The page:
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March 29 Weekly Open Thread

BMW318 As always, this is the place for the off-topic conversation that doesn't belong anywhere else.

Big Chris spotted a really interesting article on Jalopnik last week that I'd like to share; and by "really interesting" I mean "amazing, engrossing, inspiring, and full of win." Evidently a man named Bill Caswell recently raced a $500 1991 BMW 318i that he found on Craigslist in the official FIA World Rally Championship event in Mexico. In other words, he was competing in the same event as all-world drivers and professional, heavily sponsored, hugely expensive rally cars. He finished third in class, 23rd overall--ahead of several full-strength professional WRC cars.

According to Jalopnik:

"Bill Caswell, an unemployed Chicago racing freak, entered the Mexico round of the World Rally Championship in a 1991 BMW 318i that he found on Craigslist. The car cost $500. One year ago, Caswell decided that he wanted to go rallying with Rally America. Two months later, he crashed a car and blew up an engine five minutes into his first event. Four events later, he found a loophole in the FIA rules that let him enter a twenty-year-old car in the same event as guys like Ken Block and former F1 driver Kimi Raikkonen."

This is truly Car Lust in action, and the story is well worth reading, as is this follow-up from Caswell's co-driver. Perhaps our used-car challenges are a little too modest in scope--maybe in the future the winner will be required to purchase the car and compete in an international motorsports event.

--Chris H.

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Index this one under "Awesome, crowning moment of."

That's *exactly* what I'd love to do someday. Maybe I'll find an older beat-up Mazda 323 GTX and rally it. Well, aside from the fact that I'm a wuss and not nearly as resourceful as I'd need to be.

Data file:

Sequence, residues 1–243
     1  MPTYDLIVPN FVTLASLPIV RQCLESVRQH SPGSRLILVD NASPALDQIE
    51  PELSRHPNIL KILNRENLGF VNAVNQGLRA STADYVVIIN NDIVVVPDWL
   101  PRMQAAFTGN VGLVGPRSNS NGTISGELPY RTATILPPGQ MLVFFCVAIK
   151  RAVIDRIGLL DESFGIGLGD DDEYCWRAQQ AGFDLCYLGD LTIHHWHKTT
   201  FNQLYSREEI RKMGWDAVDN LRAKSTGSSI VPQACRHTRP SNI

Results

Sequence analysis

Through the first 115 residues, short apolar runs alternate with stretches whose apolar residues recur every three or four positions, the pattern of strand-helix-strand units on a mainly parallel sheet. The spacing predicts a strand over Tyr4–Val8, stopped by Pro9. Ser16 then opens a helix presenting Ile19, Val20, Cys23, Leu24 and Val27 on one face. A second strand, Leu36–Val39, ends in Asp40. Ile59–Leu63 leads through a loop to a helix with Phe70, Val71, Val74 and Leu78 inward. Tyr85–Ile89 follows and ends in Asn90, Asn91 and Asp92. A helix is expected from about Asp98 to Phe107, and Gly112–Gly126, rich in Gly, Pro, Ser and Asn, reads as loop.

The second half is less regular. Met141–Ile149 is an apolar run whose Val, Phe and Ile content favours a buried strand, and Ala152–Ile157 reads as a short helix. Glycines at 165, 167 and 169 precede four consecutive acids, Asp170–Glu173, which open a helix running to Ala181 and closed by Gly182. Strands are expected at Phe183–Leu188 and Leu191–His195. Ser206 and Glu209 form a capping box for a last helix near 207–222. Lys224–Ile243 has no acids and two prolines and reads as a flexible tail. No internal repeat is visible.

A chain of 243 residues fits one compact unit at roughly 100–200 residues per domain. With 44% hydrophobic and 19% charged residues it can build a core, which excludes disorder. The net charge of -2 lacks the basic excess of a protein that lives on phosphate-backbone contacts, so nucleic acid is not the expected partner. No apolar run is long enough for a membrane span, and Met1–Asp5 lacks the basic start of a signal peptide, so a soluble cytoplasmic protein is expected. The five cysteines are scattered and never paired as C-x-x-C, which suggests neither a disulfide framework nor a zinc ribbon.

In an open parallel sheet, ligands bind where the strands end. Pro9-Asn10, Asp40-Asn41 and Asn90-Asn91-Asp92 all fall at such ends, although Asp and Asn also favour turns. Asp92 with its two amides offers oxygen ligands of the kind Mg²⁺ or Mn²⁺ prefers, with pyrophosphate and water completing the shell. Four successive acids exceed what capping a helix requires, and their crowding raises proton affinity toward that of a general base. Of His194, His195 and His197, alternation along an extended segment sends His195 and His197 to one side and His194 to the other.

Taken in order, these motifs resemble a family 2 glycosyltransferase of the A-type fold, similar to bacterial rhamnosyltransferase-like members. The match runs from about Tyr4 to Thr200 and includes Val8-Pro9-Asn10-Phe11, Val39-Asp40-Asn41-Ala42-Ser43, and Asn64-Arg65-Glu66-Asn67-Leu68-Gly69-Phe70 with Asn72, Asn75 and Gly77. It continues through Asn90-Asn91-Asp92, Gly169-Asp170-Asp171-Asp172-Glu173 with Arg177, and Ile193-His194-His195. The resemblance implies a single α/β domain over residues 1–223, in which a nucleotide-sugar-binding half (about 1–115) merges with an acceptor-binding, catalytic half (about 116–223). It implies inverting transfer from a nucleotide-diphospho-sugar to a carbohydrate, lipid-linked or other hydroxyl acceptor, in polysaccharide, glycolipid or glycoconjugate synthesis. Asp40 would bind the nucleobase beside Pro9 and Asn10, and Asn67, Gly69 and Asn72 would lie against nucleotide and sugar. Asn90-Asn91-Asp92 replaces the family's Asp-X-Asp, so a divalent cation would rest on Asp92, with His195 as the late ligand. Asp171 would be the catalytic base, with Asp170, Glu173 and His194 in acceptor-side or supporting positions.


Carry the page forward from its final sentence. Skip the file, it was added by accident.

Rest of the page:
Also - for those of you who want to buy a 1980s European sport coupe like me or John B (who recently bought a Porsche 928 - I'm incredibly jealous), this German sports coupe just popped up on everybody's favorite auction site:
http://tinyurl.com/y8lt3k9

It's a little more expensive than what you'd expect from a 22-year-old car, but it looks to be in decent shape.

That's incredible!! I've actually been interested into getting into a little bit of amateur rallying myself. I have too many things on my plate right now to really make a stab at it, but I'm keeping the idea in my back pocket.

On a different note, I'd like to hear some opinions of the best sources for objective information regarding reliability of used cars. I used to go with Consumer Reports, and still do for the most part, but I've seen some slightly disturbing comments about bias in their opinions over the past few years. I'm looking at the possibility of replacing my wife's vehicle soon, and I need some good info from a good source about what's likely to give us the fewest additional mechanical concerns (I have enough mechanical concerns with my own daily driver and don't want to make things worse). Is CR still the best way to go?

@ Chris Mallow: CR is horribly, horribly, horribly biased. I find CR very very useful when I need to start fires, smash bugs, or clean up messes. Other than that, do not read it. It is filled with lies, lies, and more lies. Best source of information? Owner forums. Type in "whatever car you are interested in" and "forum" in google. Then click on the main forum page, and click "FAQ". Someone will have typed up all the common problems and solutions to that vehicle. Best info ever.